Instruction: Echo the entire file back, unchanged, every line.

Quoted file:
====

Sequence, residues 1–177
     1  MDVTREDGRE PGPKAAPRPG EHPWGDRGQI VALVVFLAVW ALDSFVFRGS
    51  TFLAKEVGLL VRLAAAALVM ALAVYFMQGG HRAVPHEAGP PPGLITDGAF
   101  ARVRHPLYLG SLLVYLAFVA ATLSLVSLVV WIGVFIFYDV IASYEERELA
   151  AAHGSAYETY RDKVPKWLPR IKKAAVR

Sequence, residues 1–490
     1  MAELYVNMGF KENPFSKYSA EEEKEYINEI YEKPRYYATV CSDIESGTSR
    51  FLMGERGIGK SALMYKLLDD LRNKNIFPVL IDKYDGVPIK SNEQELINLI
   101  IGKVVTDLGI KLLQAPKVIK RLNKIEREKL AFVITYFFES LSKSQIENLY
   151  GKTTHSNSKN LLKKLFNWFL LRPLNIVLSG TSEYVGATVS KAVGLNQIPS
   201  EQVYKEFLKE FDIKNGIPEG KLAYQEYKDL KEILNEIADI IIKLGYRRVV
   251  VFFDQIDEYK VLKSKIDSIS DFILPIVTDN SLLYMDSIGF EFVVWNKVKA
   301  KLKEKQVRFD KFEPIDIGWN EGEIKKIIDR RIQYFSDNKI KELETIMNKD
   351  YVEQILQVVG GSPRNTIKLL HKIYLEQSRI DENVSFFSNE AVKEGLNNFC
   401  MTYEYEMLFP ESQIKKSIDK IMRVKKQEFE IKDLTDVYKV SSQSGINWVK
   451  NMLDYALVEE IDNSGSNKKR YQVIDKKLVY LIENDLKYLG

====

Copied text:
Sequence, residues 1–177
     1  MDVTREDGRE PGPKAAPRPG EHPWGDRGQI VALVVFLAVW ALDSFVFRGS
    51  TFLAKEVGLL VRLAAAALVM ALAVYFMQGG HRAVPHEAGP PPGLITDGAF
   101  ARVRHPLYLG SLLVYLAFVA ATLSLVSLVV WIGVFIFYDV IASYEERELA
   151  AAHGSAYETY RDKVPKWLPR IKKAAVR

Sequence, residues 1–490
     1  MAELYVNMGF KENPFSKYSA EEEKEYINEI YEKPRYYATV CSDIESGTSR
    51  FLMGERGIGK SALMYKLLDD LRNKNIFPVL IDKYDGVPIK SNEQELINLI
   101  IGKVVTDLGI KLLQAPKVIK RLNKIEREKL AFVITYFFES LSKSQIENLY
   151  GKTTHSNSKN LLKKLFNWFL LRPLNIVLSG TSEYVGATVS KAVGLNQIPS
   201  EQVYKEFLKE FDIKNGIPEG KLAYQEYKDL KEILNEIADI IIKLGYRRVV
   251  VFFDQIDEYK VLKSKIDSIS DFILPIVTDN SLLYMDSIGF EFVVWNKVKA
   301  KLKEKQVRFD KFEPIDIGWN EGEIKKIIDR RIQYFSDNKI KELETIMNKD
   351  YVEQILQVVG GSPRNTIKLL HKIYLEQSRI DENVSFFSNE AVKEGLNNFC
   401  MTYEYEMLFP ESQIKKSIDK IMRVKKQEFE IKDLTDVYKV SSQSGINWVK
   451  NMLDYALVEE IDNSGSNKKR YQVIDKKLVY LIENDLKYLG